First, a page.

Season 4: BAM, THERE IT IS. My favorite season. This is the one that embraces the show’s full potential for horror, grief, hope, love, and sacrifice. It steps back from the zombies and gives us a chance to observe humans actually trying to live in this landscape. We’ve got an unexpected adversary of the microscopic variety, another wham-bang of a mid-season finale, and tangible dread as our protagonists make their way to their final stop of the story arc: the aptly named Terminus. The plotting of Season 4 is subtle and effective, with hints of things to come flickering in and out of each episode. If you’re not watching carefully, you might miss something, but catching it heaps big rewards by the end. The mini-arcs are tightly woven. The sequence of events takes place organically: there’s no other way things could go. Finally, this is the point where you realize you are feeling so hard for these people that if ANYTHING happens to ANY of them, you’re seriously going to brain someone.
Awesome episodes in Season 4: Since basically all the episodes are gold, let’s talk arc instead. Whatever fever strikes the group, bringing it into the story is genius. It forces characters to play hands they might not have, and preps everyone beautifully for the return of Somebody, whose own character mini-arc is kind of horribly fascinating. Then everyone splinters, and we get to see the deterioration/formation of the family unit in multiple forms. Can I please just bring up how spectacular the Carol-Lizzie arc is? Or maybe just the Carol arc alone? Can I talk about the guys that Daryl unwillingly falls in with? Can I please mention the look on Michonne’s face when she peeks in a certain window, or the night when Rick’s feral side really comes out to play? NO, because that would SPOIL ALL THE THINGS. But please know that this season is the one where I felt everything they felt, where my heart tripped in time with theirs and my back bristled and I Got Mad at the end right along with Rick.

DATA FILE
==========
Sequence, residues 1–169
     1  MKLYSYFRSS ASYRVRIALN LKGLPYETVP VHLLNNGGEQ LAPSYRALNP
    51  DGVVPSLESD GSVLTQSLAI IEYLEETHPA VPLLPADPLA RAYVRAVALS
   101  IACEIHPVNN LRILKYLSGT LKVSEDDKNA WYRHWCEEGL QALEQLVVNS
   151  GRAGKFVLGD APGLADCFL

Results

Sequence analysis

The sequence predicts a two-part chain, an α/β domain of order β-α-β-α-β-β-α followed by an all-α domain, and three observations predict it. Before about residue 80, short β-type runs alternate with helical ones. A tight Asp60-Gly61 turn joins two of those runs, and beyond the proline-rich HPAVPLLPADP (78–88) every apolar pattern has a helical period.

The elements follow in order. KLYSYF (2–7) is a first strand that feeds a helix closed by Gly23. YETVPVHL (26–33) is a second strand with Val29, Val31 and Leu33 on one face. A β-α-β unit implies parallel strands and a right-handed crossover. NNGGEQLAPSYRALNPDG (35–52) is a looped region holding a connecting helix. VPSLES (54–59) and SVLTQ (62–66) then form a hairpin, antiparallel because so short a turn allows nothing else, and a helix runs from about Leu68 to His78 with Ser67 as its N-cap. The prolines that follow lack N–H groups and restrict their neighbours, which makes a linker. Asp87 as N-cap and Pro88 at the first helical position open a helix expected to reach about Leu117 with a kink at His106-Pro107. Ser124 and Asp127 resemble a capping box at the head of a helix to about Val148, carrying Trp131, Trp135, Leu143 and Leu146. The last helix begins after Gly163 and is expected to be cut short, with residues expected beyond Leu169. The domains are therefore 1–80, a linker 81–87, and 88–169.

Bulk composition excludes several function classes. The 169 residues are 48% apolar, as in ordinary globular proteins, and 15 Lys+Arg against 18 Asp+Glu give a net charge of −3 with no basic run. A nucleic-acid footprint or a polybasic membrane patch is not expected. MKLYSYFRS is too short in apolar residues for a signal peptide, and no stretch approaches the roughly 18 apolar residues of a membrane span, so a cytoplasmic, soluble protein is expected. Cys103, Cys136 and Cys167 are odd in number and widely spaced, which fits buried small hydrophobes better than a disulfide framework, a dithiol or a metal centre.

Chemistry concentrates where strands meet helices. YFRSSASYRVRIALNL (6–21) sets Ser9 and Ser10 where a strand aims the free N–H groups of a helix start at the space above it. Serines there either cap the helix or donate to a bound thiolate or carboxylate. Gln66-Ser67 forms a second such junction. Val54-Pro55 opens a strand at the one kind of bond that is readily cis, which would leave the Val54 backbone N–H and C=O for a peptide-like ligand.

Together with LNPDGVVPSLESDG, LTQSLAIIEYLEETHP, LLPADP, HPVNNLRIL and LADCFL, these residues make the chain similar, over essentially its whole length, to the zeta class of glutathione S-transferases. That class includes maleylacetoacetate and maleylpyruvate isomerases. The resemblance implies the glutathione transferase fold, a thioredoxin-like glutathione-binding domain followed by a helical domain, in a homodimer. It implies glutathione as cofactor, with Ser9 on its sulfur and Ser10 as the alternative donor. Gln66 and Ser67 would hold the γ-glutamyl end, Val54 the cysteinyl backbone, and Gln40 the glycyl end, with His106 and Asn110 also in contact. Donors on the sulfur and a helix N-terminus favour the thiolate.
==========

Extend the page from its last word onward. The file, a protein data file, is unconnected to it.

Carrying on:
Season 5: Oh, Bejeebus, I can’t even, why. This season was a little different for me. I wasn’t in a good head space when the first episode aired, and that particular fuckery took me down for the count. I ended up mainlining the season later in preparation for the finale. Turns out that first episode is the most dangerous of the bunch, but I didn’t know that at the time. It’s also one of the best. This season is Rick at his most impressive, Carol at her most frightening, and Daryl at his most vulnerable. The intro to Alexandria really works because Rick & Co are just coming off of the worst assault on their humanity yet. The viewer is just as paranoid, just as distrustful as they are, and watching Rick flirt with becoming the monster this time around is awesome. In this season, I was most frightened of the group itself.
Awesome episodes in Season 5: Like I said, the opener No Sanctuary is riveting, with an incredibly moving ending. Other notable episodes are Them, Remember, and my favorite (possibly in the entire series) What Happened and What’s Going On.
Season 6: OMG THIS IS AMAZ—Blah. Dear show runners: Broke my heart, you did, because hot damn, that first episode was killing it. And then the second episode killed it again. And then the third episode racked the tension further. And then... I don’t even know. This season has been described by others as “uneven”, and I have to say, that’s the perfect word for it: From there, things went a little bonkers.